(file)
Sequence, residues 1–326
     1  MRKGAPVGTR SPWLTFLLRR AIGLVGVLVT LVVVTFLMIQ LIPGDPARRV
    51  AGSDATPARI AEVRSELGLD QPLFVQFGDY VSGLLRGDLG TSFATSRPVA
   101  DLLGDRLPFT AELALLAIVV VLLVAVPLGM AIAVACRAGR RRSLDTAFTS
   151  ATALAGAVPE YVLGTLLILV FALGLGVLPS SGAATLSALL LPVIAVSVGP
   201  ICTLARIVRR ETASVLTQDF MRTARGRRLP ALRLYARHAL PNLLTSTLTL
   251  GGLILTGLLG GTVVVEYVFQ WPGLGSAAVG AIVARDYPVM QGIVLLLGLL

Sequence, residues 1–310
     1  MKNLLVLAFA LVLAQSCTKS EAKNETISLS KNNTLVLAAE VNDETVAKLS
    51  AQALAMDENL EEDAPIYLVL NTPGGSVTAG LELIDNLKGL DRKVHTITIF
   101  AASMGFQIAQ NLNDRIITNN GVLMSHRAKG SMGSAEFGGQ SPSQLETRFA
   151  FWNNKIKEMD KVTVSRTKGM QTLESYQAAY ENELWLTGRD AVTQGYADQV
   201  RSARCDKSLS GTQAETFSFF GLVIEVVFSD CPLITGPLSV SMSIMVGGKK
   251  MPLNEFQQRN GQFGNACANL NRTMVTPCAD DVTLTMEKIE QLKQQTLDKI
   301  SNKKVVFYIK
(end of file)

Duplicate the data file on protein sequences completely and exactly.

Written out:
Sequence, residues 1–326
     1  MRKGAPVGTR SPWLTFLLRR AIGLVGVLVT LVVVTFLMIQ LIPGDPARRV
    51  AGSDATPARI AEVRSELGLD QPLFVQFGDY VSGLLRGDLG TSFATSRPVA
   101  DLLGDRLPFT AELALLAIVV VLLVAVPLGM AIAVACRAGR RRSLDTAFTS
   151  ATALAGAVPE YVLGTLLILV FALGLGVLPS SGAATLSALL LPVIAVSVGP
   201  ICTLARIVRR ETASVLTQDF MRTARGRRLP ALRLYARHAL PNLLTSTLTL
   251  GGLILTGLLG GTVVVEYVFQ WPGLGSAAVG AIVARDYPVM QGIVLLLGLL

Sequence, residues 1–310
     1  MKNLLVLAFA LVLAQSCTKS EAKNETISLS KNNTLVLAAE VNDETVAKLS
    51  AQALAMDENL EEDAPIYLVL NTPGGSVTAG LELIDNLKGL DRKVHTITIF
   101  AASMGFQIAQ NLNDRIITNN GVLMSHRAKG SMGSAEFGGQ SPSQLETRFA
   151  FWNNKIKEMD KVTVSRTKGM QTLESYQAAY ENELWLTGRD AVTQGYADQV
   201  RSARCDKSLS GTQAETFSFF GLVIEVVFSD CPLITGPLSV SMSIMVGGKK
   251  MPLNEFQQRN GQFGNACANL NRTMVTPCAD DVTLTMEKIE QLKQQTLDKI
   301  SNKKVVFYIK